THE KENT & SUSSEX L.C.C.
THE KENT & SUSSEX L.C.C.
At Prescott we were pleased to meet again James Allison, home on a month’s leave from India, and very happy to be back. Allison did very well at Club speed events and trials last year with the ex-Marcus Chambers’ 4i-litre shortened Bentley. In India he runs a Red-Label 3-litre Bentley and says you go on climbing a Pass for a week on end, when even a Ford V8 only averages
around 24 m.p.h. His Bentley enjoys such a task, and does not attract special attention—perhaps in India they appreciate a real motor-car.
The “750” CLUB
We learn that the ” 750 Club ” will hold a closed Trial on June 25th in Kent. The entry fee will be 3/6 and entries close on June 17th. Full members driving Austin Seven cars and associate members on any make of car are eligible, and there will be a Committee Cup and three other prizes for Full Members and
a separate prize for associates. Marks will be awarded on the novel basis for performances on hills and in two special tests and the prizes given on plaeings. The chief marshal is G. C. Kipps and P. H. Hunter is Clerk of the Course. The Club has issued a monthly “750 Express” and its future fixtures include a social run and another treasure hunt. A badge is now available, priced at 5/-.
Details from ; P. H. Hunter, 39, Warlands Road, S.E.18. Another very entertaining speed trial meeting was held at Lewes May 13th, under ideal weather conditions, but with a stiff breeze blowing out to sea, making fast cars tricky to hold. Both Hutchison, on a run when Martin Soames rode as passenger in the V12 Allard, and Maclachlan with the wonderful little Austin, had snaky moments. Fastest run was by Norman Lewis, who got up the course in 18.47 secs. in Baron’s 2.3 Bugatti. Robins won the H.R.G. class, and Matthew’s M.G. Midget the small standard sports class. Goff’s PI3 M.G. scored in the larger sports class, and Smith’s B.M.W. in the 2-litre class. Wooding did a remarkably good run with a 44litre Lagonda in the big sports class, beating Hutch’s Allard. Bennett’s Alta scored another success for the Kingston marque in the small super sports class, and Lycett, with passenger, won the big class with his immortal 8-litre Bentley, in 20.67 secs’ Cunliffe
Lister took the Bentley Drivers’ Handicap.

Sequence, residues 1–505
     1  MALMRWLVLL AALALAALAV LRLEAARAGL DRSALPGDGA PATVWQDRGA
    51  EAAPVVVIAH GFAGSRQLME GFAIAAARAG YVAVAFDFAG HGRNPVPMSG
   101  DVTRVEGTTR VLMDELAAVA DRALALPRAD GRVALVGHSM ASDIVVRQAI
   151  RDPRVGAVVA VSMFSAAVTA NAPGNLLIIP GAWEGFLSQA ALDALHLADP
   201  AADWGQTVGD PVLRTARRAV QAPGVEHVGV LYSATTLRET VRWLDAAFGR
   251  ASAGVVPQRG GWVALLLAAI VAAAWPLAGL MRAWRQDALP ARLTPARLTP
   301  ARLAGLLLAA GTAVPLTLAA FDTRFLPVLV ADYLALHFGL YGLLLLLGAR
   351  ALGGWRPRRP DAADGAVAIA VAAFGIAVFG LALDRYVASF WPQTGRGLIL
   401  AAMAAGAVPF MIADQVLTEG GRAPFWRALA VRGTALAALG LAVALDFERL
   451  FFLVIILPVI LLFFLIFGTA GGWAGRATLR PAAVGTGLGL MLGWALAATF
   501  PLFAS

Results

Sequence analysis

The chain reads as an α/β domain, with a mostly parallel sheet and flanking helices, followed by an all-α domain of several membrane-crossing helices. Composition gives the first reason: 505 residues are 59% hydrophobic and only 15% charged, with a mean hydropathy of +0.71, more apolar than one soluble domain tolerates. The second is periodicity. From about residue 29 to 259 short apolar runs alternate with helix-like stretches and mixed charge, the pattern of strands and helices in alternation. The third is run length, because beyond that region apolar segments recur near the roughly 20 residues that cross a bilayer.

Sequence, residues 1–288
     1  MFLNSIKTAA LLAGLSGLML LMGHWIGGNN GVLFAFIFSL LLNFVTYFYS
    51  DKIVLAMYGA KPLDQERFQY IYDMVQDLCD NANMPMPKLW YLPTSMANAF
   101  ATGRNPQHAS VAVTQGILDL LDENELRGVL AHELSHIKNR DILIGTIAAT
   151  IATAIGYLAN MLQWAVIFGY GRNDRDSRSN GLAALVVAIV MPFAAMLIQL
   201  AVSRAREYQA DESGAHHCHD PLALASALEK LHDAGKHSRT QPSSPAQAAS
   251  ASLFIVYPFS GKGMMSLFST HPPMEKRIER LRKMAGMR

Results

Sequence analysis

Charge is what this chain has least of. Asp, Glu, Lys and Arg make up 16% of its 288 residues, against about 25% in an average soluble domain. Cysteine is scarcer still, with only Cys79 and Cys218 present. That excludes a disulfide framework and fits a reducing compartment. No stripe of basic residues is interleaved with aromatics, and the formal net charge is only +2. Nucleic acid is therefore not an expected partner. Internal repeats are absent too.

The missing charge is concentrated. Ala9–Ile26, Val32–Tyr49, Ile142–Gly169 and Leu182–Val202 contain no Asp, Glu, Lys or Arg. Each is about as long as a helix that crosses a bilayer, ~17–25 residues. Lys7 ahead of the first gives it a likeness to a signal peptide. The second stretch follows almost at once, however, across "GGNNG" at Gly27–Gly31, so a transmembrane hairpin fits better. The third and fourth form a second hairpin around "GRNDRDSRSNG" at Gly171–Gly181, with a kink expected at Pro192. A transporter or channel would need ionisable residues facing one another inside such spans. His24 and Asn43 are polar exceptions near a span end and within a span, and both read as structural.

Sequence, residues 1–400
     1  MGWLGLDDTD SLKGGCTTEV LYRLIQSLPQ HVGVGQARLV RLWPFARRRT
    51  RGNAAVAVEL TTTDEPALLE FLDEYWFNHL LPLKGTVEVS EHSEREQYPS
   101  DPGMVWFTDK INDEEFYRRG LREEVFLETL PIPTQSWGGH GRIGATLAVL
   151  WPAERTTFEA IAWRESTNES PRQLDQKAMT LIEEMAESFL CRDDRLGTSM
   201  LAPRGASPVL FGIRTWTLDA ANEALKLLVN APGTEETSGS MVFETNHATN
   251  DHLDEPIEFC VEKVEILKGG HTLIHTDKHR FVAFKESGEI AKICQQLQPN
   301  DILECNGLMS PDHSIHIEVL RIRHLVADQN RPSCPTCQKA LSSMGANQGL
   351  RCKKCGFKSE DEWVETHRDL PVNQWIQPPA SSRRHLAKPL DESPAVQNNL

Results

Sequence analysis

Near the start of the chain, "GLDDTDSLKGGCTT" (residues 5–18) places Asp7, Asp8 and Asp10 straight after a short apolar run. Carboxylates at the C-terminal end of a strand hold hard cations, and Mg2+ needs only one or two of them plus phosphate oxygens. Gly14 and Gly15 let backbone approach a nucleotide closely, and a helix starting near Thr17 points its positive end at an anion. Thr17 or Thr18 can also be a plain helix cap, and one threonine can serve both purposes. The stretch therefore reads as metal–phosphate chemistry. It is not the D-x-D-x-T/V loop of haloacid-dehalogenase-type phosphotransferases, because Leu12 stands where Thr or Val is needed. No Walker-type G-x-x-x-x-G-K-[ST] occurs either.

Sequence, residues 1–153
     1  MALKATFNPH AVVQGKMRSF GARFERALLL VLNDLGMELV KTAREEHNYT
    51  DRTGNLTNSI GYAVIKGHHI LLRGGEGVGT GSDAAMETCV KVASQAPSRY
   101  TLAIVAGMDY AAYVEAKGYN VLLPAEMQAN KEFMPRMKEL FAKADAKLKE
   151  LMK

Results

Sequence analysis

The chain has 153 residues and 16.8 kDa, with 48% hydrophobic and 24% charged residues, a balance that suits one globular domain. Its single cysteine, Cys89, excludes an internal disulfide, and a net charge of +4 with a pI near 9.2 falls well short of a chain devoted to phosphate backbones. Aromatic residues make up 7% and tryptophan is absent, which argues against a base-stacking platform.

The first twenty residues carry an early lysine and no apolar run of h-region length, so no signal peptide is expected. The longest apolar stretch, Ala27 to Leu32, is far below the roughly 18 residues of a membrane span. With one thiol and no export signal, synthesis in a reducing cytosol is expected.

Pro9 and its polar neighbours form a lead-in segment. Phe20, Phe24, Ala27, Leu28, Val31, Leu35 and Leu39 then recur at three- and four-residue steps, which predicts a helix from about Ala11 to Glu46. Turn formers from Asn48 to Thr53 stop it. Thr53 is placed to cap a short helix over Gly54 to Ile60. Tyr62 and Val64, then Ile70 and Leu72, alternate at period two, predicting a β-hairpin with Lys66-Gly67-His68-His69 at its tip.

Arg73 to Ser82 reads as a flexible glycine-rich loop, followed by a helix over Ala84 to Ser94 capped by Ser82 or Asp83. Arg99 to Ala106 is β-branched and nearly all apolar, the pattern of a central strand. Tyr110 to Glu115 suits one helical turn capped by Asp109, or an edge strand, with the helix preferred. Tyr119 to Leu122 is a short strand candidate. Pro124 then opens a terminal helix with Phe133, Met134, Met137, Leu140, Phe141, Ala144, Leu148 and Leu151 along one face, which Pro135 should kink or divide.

Maclachlan’s famous Austin Seven won the racing class up to 1,100 c.c. with a very healthy run, Mortimer’s blown Alta netted the 11-litre racing class, and also the 2-litre class, and Baron’s 3.3 Bugatti took the big racing class in 18.49 secs. Miss Dobson (Frazer-Nash) won the handicap and Lewis did fastest time of anyone without smashing the course record. The Bolster. Special was not on form. There will be another of these excellent meetings on the 17th.
in 7 min 44,4 sees., at 05.94 m.p.h. The Darracq was third, followed by the Delage, Alta, Alfa and Peugeot in that order. Hunter, used the very rim of the banking, Dobson was shown the controls on the line by Walker, and the bookies thought Connell would do it. After a parade of ambulances, the cars lined up for the next round. Just before the start, the spectators on the rails noticed flames coming from the Delahaye, Dobson quite oblivious until officials shouted to him to leap out, while Aitken and Dorndof drove out of danger. The flames were severe but quickly extinguished—grand demonstration of the need to carry a fire-extinguisher on your car. Full marks to Dobson for instantly climbing in again and starting in the race. After a lap he led from Connell and Cowell. Poor Hunter coasted to a standstill in the finishing straight with a broken gearbox. Apart from an initial lead snatched by the Darracq the Delahaye led throughout. Connell was second, and the Delage third. Dobson averaged 71.15 m.p.h. and the Delahaye won the combined contest. This was a most popular contest, and proof of the superior performance of the Delahaye marque, the salessuccess of which should benefit it in consequence. It had soundly beaten three blown sports-cars and a Darracq half a litre larger—but wasn’t it once a racing